Trump’s silence on Minnesota mosque attack prompts criticism

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SHAFAQNA – President Donald Trump has tweeted 29 times since a bomb exploded at a mosque in Bloomington, Minnesota, on Saturday, but he has not weighed in to address the shaken Muslim community near the Twin Cities.

The Department of Homeland Security on Saturday condemned the attack, which did not result in any injuries, but Trump himself has not, instead tweeting criticism of senators and the media, as well as threatening “tough and decisive” action regarding North Korea. The White House did not respond to requests for comment Tuesday.

National security aide Sebastian Gorka, however, said Tuesday that it is prudent for Trump to hold off on commenting because the ideological motive behind the attack isn’t known.

“There’s a great rule: all initial reports are false,” Gorka said in an interview on MSNBC with Ali Velshi and Stephanie Ruhle. “You have to check them. You have to find out who the perpetrators are.”

Speaking from the White House press briefing room, Gorka’s main criticism was that the far-right is falsely accused of hate crimes.

“We’ve had a series of crimes committed—alleged hate crimes—by right-wing individuals in the last six months that turned out to actually have been propagated by the left,” he said. “So let’s wait and see.”

Despite the silence from Trump, community members have stepped up to help the Dar Al-Farooq Islamic Center rebuild. A Go Fund Me page has raised over $76,000 toward a $95,000 goal in just two days. But Abdu Llahi, a volunteer at Dar Al-Farooq, said it would help if Trump lent his support.

“It would start a national dialogue,” Llahi said. “That might change the tone a bit, where him talking about this problem would show that he isn’t the president for a certain group of people but the whole United States.”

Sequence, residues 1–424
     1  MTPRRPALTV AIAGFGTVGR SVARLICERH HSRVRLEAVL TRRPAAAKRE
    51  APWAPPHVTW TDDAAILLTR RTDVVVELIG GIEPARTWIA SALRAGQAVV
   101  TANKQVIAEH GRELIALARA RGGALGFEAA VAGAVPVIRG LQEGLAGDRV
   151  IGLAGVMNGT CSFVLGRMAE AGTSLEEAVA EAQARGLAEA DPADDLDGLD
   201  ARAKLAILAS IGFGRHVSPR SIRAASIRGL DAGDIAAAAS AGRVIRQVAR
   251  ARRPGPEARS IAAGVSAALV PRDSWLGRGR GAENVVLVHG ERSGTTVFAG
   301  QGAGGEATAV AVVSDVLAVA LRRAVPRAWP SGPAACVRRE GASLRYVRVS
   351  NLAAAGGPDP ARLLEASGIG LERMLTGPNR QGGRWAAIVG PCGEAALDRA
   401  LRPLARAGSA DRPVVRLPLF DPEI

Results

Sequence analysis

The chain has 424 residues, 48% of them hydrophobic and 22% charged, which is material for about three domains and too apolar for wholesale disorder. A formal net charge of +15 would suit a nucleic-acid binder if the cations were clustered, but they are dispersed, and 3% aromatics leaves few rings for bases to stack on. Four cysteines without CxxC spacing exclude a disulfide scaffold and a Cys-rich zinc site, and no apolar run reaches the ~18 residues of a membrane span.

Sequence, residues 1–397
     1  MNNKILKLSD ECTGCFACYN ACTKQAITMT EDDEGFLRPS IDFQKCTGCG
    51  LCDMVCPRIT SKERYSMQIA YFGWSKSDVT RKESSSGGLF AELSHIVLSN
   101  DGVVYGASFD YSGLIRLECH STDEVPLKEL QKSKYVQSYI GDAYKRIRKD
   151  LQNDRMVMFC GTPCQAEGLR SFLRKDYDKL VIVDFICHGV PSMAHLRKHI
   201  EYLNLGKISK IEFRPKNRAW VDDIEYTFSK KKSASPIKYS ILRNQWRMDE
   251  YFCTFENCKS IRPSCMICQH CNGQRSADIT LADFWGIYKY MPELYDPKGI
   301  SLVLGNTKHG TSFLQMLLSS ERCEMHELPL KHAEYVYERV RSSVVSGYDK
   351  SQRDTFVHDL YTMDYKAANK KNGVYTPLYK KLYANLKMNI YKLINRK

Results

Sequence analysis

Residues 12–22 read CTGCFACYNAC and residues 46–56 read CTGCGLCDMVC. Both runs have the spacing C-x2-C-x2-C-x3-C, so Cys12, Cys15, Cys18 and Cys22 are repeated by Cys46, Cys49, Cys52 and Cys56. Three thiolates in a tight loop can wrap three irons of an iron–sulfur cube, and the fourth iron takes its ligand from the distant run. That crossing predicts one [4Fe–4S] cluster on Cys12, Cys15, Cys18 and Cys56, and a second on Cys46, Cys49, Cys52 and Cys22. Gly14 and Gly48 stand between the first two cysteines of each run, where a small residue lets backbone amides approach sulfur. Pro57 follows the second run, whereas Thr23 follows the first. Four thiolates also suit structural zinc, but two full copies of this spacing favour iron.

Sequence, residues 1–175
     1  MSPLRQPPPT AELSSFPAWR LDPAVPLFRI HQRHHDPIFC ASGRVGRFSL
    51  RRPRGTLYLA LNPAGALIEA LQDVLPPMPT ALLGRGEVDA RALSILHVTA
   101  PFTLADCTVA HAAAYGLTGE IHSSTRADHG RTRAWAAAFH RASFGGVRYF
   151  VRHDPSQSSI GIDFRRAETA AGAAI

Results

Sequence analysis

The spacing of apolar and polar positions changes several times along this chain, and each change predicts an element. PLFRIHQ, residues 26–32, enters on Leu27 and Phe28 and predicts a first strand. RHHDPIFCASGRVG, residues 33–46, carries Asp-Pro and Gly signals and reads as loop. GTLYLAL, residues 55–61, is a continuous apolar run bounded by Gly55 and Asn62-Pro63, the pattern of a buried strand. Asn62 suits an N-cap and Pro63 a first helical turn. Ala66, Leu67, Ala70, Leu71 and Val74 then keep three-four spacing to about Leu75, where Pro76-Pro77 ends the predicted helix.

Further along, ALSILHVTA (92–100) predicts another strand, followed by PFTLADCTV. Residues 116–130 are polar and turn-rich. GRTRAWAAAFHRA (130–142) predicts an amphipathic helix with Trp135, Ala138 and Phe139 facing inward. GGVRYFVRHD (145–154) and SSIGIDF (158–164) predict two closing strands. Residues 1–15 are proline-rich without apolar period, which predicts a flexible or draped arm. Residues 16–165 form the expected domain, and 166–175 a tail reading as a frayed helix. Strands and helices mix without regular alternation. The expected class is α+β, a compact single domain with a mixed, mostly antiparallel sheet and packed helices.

The Council for American-Islamic Relations said a recent study showed a 584 percent increase in hate crimes against Muslims from 2014 to 2016, when Trump was elected president. Critics say his rhetoric about Islam and his policies, including a travel ban that targeted Muslim-majority countries, may have spurred some of the violence.

“This has empowered those who harbor anti-Muslim views,” Ibrahim Hooper, national communications director for CAIR, said of Trump’s rhetoric and policies. “But he really needs to speak out against these type of things, because those who support him take his silence as tacit support.”

Trump is often quick to classify violence as terrorism, including earlier this yearwhen hedescribed as terrorism an incident in the Philippines that authorities later said was likely a robbery attempt. But he has not weighed in on the Minnesota explosion, even though the state’s governor has declared it an “act of terrorism.”

Trump also has been accused of being slow to condemn attacks directed against Muslims, including the stabbing deaths of two men in Portland, Oregon, who stood up to a man who witnesses said harassed a Muslim woman.

As Trump takes “meetings and calls” and hits the links at his Bedminster golf club, where the White House says he’s on a “working vacation,” CAIR’s Hooper concluded that the commander in chief’s priorities are perhaps most clear on his Twitter feed.

“He has time to tweet attacks on lawmakers, he has time to tweet attacks on the news media, but he somehow has no time to denounce attacks on the Muslim community,” Hooper said.

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